A Look at Tensions Along the Indo-China Border
Last April, a Chinese border patrol of 30 to 50 soldiers made an incursion into India’s territory and camped there for three weeks before withdrawing. A de facto border between the two countries is known as the Line of Actual Control (LAC) and China’s incursion was 11 miles (19 kilometers) into the Indian side.
Conflicting border claims go back to the 1950s, not long after each country was formed in its current political framework (1947 for India, and 1949 for China, when the communists took over the mainland). New leaders inherited the border dispute from their predecessors. It has become the longest border to be disputed in the world.
The recent incursion was evidence that “the territorial dispute remains a considerable and continuous source of tensions in the [China-India] relationship,” wrote Jeff M. Smith, in a newly published book, “Cold Peace: China-India Rivalry in the Twenty-first Century.” Smith is director of South Asia Programs at the American Foreign Policy Council in Washington, D.C.
In October 1962, China and India went to war over the disputed Himalayan border, but since then there has been no open conflict. Smith said that nuclear weapons, economic interdependence, and geography make it highly unlikely that full-scale war would break out again. However, localized and limited conflict is likely.
So far, there have not been any deadly incidents since the 1970s, but there have been several hundred border incursions. The recent Chinese incursion was considered unusual by the extent of its distance and the length of stay, according to Smith.
Carolyn Bartholomew, a commissioner of the U.S.-China Economic and Security Review Commission, in testimony before the House Armed Service Committee on Nov. 20, 2013, said that this incident was evidence of “a simmering mutual distrust that continues to plague the relationship… As China’s global interests expand, Beijing is becoming increasingly assertive and active in its foreign affairs.”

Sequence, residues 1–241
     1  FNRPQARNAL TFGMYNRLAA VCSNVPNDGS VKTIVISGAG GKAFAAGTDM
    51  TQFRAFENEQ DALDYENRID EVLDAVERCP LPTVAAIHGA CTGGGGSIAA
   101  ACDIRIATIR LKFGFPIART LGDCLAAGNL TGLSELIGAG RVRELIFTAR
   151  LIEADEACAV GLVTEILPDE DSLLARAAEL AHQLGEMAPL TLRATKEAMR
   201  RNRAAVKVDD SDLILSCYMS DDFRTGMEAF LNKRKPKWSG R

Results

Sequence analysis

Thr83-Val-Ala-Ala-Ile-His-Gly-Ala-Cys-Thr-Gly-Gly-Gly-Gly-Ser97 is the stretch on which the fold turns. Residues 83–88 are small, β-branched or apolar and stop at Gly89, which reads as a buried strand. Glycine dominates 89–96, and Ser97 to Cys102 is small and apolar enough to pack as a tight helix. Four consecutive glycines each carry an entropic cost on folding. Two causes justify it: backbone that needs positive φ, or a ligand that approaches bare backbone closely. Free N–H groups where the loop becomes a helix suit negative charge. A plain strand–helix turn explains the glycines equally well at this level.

The two sides have not even exchanged maps where they perceive the border, except for the Middle Sector. “There are several stretches where neither side knows where the border patrol has the right to go,” said Smith. In his book, Smith placed the onus on China for “stonewalling.”
China emphasizes its claim on the Eastern Sector “with the strategically vital border town of Tawang,” which India will never consider giving up, Smith said.
Yet, despite the prevalence of “geopolitical tensions and strategic mistrust,” economic and diplomatic ties have expanded, much like the Sino-U.S. relationship, said Smith. From 1998 to 2012, bilateral trade expanded 67-fold.
Since about 2006 when talks began to breakdown, a military build-up has happened on both sides at the LAC, said Smith at the Heritage Foundation on March 12.
This build-up makes it more likely an incident could erupt. In 2013, India announced that it would raise its first 50,000 person offensive Strike Corps to be deployed in the Eastern Sector. It has deployed its most advanced fighter aircraft and cruise missiles—all in order to keep up with China. The latter has built up the infrastructure in Tibet, which is easier for China to do than for India on its more mountainous side. India refrained from developing its side of the border until 2011, when it reversed its military doctrine. China has deployed fighter jets that operate at very high altitudes.
“For the past five years, India has been the world’s largest importer of arms despite an overwhelming superiority over Pakistan,” wrote Smith.